Hilos de títere en sus vetas inertes, 
tejen implacables
oleajes de río… 
  ~~~
 ©2015 Amalia Pedemonte.-
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•~~~•  •~~~ • •~~~• •~~~•  •~~~•  •~~~•

auf wiedersehen

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 ►La Poesía No Muerde: “Imagen encontró (¡Otro!) Poema”.

~”Fragmento de un Final”.~

Corola tallada de pétalos sin flor.
una hoja con ápice impermeable.
Eterna y seca primavera,
rivera incipiente, sutilmente verde.

Una furtiva mirada azul
sobre un camino oscilante,
surcos muertos, árboles vacíos de hojas.
Bajo el sol inagotable del mediodía interminable.

~~~ 

Réplicas de galerías.
Redundantes sonidos.
Las palabras que no dijimos
te hacen una reverencia.

~~~ 

Tus fantasmas esculpen mis recuerdos.
Soy todo lo que fui en tu cautiverio,
persistes, con codicia te acumulas.
A cada nombre me retiro, te invoco y te devuelvo.

~~~

Te conjuro, brisa efímera .
Nunca volverás a ser mi aire.
Escúrrete por la puerta de las sombras y el olvido
Deja de asediarme…

 ~~~ 
 ©2015 Amalia Pedemonte.-
 
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 ► Last but not Least: Special thanks to Lisardo Sobrino Fernández for his poem Aquiles, on his blog, Tiempo de Letras.

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©2015. Lisardo Sobrino Fernández. Click Here: http://www.tiempodeletras.blogspot.com.es/2015/05/aquiles.html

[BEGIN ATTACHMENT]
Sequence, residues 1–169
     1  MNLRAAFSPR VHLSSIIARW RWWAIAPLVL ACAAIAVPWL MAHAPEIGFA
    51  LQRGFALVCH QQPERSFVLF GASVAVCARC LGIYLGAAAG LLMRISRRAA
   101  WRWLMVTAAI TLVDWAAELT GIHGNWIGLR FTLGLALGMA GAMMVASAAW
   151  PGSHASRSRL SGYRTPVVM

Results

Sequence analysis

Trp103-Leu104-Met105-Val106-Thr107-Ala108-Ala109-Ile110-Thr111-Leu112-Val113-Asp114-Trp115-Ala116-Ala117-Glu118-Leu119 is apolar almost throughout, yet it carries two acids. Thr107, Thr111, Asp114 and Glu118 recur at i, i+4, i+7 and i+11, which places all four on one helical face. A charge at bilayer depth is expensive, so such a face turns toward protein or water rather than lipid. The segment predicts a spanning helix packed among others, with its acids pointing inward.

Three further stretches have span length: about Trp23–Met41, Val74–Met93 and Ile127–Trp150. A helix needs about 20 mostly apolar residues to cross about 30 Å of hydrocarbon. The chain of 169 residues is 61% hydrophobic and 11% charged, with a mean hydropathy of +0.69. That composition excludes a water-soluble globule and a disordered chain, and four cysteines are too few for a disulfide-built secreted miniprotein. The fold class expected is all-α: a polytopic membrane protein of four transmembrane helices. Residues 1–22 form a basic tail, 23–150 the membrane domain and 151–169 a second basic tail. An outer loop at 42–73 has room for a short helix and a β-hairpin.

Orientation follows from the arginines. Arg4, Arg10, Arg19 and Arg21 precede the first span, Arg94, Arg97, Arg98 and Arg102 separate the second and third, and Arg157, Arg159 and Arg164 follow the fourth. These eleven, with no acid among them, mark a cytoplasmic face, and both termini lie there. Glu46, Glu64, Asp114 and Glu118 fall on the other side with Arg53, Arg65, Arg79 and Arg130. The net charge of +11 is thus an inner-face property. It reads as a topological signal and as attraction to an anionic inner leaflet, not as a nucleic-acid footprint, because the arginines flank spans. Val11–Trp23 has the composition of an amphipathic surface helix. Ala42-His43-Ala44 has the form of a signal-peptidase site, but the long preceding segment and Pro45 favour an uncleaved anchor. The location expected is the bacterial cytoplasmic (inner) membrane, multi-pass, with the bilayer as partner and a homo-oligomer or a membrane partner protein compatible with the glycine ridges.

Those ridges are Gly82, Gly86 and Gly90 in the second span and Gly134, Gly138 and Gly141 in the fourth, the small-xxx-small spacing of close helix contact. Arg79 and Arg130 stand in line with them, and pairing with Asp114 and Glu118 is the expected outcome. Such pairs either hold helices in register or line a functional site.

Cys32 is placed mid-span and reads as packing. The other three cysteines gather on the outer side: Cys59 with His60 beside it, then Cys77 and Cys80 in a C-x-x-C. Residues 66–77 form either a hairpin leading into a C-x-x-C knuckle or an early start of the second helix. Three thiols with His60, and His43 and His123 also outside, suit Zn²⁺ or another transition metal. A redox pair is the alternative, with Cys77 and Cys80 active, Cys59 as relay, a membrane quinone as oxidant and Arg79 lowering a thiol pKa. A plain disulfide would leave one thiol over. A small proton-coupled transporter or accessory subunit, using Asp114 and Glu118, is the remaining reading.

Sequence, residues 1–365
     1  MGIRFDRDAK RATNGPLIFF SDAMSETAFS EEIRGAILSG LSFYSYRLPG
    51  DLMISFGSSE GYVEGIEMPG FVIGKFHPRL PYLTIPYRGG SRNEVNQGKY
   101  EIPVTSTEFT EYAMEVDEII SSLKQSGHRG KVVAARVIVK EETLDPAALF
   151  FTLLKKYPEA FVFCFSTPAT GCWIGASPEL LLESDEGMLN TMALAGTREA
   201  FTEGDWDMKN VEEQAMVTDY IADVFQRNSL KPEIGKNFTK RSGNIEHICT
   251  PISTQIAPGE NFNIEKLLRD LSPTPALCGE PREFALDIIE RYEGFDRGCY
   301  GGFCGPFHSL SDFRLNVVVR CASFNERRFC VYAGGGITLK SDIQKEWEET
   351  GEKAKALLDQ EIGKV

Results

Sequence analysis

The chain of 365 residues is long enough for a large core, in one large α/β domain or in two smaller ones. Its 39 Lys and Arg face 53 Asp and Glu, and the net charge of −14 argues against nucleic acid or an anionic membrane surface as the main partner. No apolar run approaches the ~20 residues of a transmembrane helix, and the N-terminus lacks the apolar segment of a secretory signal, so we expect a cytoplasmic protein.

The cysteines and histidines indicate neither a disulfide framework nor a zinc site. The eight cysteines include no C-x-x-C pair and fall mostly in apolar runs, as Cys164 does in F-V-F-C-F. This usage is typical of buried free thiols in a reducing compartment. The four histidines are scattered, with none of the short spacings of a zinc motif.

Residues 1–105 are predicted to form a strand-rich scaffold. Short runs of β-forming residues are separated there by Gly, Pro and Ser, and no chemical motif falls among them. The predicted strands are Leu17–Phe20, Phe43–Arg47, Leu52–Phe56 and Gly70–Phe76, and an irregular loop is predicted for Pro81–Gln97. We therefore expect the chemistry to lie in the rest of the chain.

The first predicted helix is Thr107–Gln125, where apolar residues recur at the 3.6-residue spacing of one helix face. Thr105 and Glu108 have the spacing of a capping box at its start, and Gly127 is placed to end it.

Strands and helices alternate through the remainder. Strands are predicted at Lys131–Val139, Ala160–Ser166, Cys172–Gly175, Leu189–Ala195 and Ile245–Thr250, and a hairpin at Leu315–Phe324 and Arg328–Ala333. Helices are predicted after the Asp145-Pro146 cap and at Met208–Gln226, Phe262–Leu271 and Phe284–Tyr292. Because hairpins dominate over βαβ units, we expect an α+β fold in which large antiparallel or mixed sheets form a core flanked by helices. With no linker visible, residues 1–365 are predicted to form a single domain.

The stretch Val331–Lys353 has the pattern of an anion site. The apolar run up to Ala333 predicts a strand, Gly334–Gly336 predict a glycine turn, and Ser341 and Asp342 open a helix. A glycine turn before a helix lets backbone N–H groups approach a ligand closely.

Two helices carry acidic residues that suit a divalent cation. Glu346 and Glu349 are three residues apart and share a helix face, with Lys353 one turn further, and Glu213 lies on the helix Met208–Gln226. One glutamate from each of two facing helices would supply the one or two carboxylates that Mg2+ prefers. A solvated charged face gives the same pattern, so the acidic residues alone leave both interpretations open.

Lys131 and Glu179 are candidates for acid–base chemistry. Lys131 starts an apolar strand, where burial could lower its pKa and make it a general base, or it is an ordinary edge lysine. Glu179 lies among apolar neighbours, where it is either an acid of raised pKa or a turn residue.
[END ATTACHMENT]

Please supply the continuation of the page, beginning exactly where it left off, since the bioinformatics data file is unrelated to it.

©2015. Lisardo Sobrino Fernández. Click on the image.

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►Greek Mythology: “Myrrha, Adonis and Persephone”(Myths and Interpretation):

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Myrrha

“Myhrra assisted by Lucina, the Goddess of Birth” by Jean de Court (1560).

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As we know from the previous postAdonis, Myrrha’s son, was raised up for both Goddess Persephone and Aphrodite.

Myrrha’s mother (being more precise, Adonis’ grandmother) had said that her daughter Myrrha was even more beautiful than Aphrodite herself . This was taken as offensive by the goddess of Beauty, who took revenge on that.

And in this case she took revenge of Myrrha’s mother by punishing her daughter, cursing Myrrha to fall in love and lust after her father, Cinyras.

Aphrodite appears here as a trouble maker. It is not the first time that she had looked for acknowledgment of her Beauty.

We must keep in mind here the Judgement of Paris in which Aphrodite offered Helen the most beautiful mortal woman, to Prince Paris of Troy, in exchange of that famous Golden apple labeled for the fairest one.

Retaking the preceding points, roman poet Ovid referred to Myrrha’s story in “Metamorphoses,” Book 10, lines 467-518.

Myrrha was the daughter of King Cinyras and Queen Cenchreis of Cyprus.

Myrrha felt attracted to her father. Knowing the love was forbidden she fought it as hard as she could to avoid her feelings. But as he couldn’t do so, she tried to kill herself. Just before she was goindg to commit suicide, Myrrha was discovered by her nurse who finally dissuaded her.